SAN DIEGO -- A Christmas Eve storm that struck about midnight scattered small amounts of rain countywide, leaving chilly temperatures and breezy winds but no snow in its wake, a National Weather Service (NWS) forecaster said Friday.
"It should be dry Saturday and the rest of the weekend but very cold," NWS forecaster James Thomas said.
Thomas said the storm started just before midnight Thursday and lasted a couple of hours before moving on. He reported that .16 of an inch of rain fell at Brown Field, .02 at Lindbergh Field, .06 at SeaWorld, .15 in Valley Center and .12 in Alpine, .22 at Palomar Mountain and .17 at Lake Cuyamaca in the mountains.
"We will see temperatures dipping tonight into the 30s in the valleys, and it will be freezing with frost in the mountains," Thomas said.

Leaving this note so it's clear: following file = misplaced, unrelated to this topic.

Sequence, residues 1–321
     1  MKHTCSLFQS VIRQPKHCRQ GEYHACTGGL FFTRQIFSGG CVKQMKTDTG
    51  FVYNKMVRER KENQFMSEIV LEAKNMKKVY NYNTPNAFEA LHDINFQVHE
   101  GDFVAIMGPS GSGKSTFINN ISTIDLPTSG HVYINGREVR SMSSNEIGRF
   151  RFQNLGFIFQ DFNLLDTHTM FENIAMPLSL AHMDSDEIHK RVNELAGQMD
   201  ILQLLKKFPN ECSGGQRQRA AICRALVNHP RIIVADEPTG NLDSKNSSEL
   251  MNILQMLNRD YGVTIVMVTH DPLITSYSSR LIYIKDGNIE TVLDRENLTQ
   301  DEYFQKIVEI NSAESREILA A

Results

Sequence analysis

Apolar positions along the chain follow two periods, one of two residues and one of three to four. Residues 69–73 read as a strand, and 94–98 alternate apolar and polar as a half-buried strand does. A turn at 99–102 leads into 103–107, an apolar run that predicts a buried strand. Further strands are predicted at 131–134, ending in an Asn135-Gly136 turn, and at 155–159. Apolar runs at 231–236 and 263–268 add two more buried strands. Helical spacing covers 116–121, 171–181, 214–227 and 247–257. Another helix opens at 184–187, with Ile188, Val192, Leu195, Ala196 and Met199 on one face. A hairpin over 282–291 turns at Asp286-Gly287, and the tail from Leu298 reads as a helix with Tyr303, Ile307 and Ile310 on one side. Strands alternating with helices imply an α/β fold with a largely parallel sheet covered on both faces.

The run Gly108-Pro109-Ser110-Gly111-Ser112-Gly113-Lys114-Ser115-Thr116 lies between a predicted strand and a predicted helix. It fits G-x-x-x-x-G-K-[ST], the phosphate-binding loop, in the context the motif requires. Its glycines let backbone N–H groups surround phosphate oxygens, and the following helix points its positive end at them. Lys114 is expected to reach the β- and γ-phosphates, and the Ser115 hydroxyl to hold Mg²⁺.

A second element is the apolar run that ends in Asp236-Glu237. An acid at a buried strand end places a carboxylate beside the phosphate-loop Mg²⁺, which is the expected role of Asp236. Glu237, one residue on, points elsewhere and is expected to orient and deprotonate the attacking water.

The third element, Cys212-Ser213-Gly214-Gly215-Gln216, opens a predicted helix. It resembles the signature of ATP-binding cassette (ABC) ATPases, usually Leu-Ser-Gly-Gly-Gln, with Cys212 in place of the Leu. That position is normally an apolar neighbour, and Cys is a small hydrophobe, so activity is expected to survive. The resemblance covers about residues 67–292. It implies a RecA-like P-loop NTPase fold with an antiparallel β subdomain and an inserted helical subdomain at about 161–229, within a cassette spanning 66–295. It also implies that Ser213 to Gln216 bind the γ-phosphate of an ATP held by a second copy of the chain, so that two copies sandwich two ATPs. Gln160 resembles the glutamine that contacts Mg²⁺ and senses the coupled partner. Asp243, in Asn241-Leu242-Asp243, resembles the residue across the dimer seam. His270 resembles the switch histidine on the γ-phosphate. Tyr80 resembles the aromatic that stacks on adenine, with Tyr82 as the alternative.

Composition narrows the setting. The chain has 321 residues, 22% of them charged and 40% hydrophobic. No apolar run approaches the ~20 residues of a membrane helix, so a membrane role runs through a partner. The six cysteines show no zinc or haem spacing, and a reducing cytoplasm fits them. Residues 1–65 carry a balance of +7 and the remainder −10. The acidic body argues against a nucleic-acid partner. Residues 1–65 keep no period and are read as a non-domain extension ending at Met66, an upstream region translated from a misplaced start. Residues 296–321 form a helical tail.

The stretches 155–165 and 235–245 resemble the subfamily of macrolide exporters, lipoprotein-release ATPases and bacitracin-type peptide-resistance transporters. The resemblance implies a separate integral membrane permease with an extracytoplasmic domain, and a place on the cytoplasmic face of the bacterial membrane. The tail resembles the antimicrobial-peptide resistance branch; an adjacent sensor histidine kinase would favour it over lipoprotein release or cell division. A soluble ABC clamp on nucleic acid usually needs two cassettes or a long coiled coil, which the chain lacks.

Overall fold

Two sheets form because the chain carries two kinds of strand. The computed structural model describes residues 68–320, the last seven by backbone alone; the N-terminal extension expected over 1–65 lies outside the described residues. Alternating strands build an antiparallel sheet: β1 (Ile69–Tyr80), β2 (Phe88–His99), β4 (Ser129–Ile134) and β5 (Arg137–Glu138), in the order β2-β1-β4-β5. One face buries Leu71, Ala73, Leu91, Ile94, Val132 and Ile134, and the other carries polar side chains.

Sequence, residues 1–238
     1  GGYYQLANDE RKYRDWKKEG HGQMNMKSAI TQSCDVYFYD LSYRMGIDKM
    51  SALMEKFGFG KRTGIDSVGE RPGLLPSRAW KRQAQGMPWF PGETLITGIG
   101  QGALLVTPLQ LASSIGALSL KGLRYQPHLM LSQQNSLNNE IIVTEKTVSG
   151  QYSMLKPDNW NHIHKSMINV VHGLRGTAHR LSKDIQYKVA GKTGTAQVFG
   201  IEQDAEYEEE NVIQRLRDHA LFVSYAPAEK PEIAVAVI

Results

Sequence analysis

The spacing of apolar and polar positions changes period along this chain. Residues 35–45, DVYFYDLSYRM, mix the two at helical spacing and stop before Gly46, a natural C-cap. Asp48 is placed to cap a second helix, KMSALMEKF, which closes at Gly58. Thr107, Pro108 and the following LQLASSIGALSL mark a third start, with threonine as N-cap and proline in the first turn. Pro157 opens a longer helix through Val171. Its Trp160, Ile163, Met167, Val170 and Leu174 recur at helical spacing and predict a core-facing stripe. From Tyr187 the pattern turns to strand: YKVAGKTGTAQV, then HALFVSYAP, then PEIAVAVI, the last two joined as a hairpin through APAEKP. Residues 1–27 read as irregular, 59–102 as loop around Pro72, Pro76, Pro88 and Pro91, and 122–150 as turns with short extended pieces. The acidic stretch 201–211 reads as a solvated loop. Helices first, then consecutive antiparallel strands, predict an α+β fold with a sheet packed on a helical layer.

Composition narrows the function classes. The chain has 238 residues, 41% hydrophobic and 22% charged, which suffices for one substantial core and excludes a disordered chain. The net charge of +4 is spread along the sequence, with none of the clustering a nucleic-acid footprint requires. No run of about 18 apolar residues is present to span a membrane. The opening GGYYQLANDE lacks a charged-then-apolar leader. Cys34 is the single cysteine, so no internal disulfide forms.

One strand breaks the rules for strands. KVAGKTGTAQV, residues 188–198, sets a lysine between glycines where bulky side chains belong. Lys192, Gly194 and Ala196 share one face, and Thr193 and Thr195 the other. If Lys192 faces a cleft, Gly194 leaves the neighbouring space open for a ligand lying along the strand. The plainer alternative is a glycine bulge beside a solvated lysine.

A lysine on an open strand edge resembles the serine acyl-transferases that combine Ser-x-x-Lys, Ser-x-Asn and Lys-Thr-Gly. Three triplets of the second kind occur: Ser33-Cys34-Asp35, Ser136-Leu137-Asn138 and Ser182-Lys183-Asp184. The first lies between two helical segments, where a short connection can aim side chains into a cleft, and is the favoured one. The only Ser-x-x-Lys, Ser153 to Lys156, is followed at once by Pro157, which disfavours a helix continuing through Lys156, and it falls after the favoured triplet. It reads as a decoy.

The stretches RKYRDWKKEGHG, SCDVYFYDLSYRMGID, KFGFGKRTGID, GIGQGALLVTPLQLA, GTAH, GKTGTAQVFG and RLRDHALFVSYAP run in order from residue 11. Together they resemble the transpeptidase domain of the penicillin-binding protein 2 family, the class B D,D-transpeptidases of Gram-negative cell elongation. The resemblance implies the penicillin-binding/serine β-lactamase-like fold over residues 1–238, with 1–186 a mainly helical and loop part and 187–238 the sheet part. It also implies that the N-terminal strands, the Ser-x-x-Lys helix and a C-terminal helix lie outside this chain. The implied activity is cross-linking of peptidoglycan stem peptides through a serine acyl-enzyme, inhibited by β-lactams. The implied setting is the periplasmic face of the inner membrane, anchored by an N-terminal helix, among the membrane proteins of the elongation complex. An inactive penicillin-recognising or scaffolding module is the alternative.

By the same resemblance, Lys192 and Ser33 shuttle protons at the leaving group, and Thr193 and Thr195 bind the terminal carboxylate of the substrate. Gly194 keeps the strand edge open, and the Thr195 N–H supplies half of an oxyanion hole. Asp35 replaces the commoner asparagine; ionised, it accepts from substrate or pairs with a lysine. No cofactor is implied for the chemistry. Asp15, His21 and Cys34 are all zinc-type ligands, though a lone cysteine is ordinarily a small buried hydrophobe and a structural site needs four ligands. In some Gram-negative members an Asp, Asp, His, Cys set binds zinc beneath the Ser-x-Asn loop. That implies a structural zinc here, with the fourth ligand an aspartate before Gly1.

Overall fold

Thomas said temperatures are significantly cooler than normal, by five degrees or more across the county, for this time of year. The holiday storm, which came down from the Gulf of Alaska to the northwest, was not part of the forewarned El Nino heavier winter rains that could be on their way, Thomas said.
"El Nino-type systems are powerful storms coming from the west to the east across the Pacific," Thomas said. "We typically see those storms in mid-winter, late January to April."
The weather will be cold and mostly sunny the remainder of the Christmas weekend. But Thomas said more precipitation could be on the way.
"We do expect one more quick-moving small system on Monday," he said. "It could come Monday afternoon and last through Monday night, with a slight chance of showers."